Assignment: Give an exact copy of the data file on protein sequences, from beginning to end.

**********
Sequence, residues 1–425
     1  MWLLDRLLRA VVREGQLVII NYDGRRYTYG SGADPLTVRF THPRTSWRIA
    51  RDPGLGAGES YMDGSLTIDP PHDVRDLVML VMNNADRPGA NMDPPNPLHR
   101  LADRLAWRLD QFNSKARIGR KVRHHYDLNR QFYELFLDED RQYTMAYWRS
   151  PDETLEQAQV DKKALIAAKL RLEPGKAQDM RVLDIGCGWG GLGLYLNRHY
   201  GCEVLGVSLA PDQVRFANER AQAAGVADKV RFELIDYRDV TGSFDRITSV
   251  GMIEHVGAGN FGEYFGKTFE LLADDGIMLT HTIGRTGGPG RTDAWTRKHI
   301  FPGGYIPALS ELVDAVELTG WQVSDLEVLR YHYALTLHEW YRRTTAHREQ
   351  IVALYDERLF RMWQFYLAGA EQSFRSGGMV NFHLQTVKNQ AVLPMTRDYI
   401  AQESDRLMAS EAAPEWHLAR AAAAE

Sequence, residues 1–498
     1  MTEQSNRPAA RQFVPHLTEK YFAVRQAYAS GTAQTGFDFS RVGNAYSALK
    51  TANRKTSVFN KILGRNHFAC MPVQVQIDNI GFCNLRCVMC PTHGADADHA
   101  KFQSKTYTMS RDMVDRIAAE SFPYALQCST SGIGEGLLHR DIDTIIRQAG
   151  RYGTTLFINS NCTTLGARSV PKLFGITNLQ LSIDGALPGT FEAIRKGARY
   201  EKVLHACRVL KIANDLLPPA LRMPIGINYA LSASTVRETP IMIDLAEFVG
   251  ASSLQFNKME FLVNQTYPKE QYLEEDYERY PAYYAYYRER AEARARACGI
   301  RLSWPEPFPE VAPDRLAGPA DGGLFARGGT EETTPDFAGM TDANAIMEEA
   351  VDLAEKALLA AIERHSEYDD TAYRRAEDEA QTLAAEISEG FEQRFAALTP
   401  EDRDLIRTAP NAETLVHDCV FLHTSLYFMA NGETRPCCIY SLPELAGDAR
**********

Sequence, residues 1–425
     1  MWLLDRLLRA VVREGQLVII NYDGRRYTYG SGADPLTVRF THPRTSWRIA
    51  RDPGLGAGES YMDGSLTIDP PHDVRDLVML VMNNADRPGA NMDPPNPLHR
   101  LADRLAWRLD QFNSKARIGR KVRHHYDLNR QFYELFLDED RQYTMAYWRS
   151  PDETLEQAQV DKKALIAAKL RLEPGKAQDM RVLDIGCGWG GLGLYLNRHY
   201  GCEVLGVSLA PDQVRFANER AQAAGVADKV RFELIDYRDV TGSFDRITSV
   251  GMIEHVGAGN FGEYFGKTFE LLADDGIMLT HTIGRTGGPG RTDAWTRKHI
   301  FPGGYIPALS ELVDAVELTG WQVSDLEVLR YHYALTLHEW YRRTTAHREQ
   351  IVALYDERLF RMWQFYLAGA EQSFRSGGMV NFHLQTVKNQ AVLPMTRDYI
   401  AQESDRLMAS EAAPEWHLAR AAAAE

Sequence, residues 1–498
     1  MTEQSNRPAA RQFVPHLTEK YFAVRQAYAS GTAQTGFDFS RVGNAYSALK
    51  TANRKTSVFN KILGRNHFAC MPVQVQIDNI GFCNLRCVMC PTHGADADHA
   101  KFQSKTYTMS RDMVDRIAAE SFPYALQCST SGIGEGLLHR DIDTIIRQAG
   151  RYGTTLFINS NCTTLGARSV PKLFGITNLQ LSIDGALPGT FEAIRKGARY
   201  EKVLHACRVL KIANDLLPPA LRMPIGINYA LSASTVRETP IMIDLAEFVG
   251  ASSLQFNKME FLVNQTYPKE QYLEEDYERY PAYYAYYRER AEARARACGI
   301  RLSWPEPFPE VAPDRLAGPA DGGLFARGGT EETTPDFAGM TDANAIMEEA
   351  VDLAEKALLA AIERHSEYDD TAYRRAEDEA QTLAAEISEG FEQRFAALTP
   401  EDRDLIRTAP NAETLVHDCV FLHTSLYFMA NGETRPCCIY SLPELAGDAR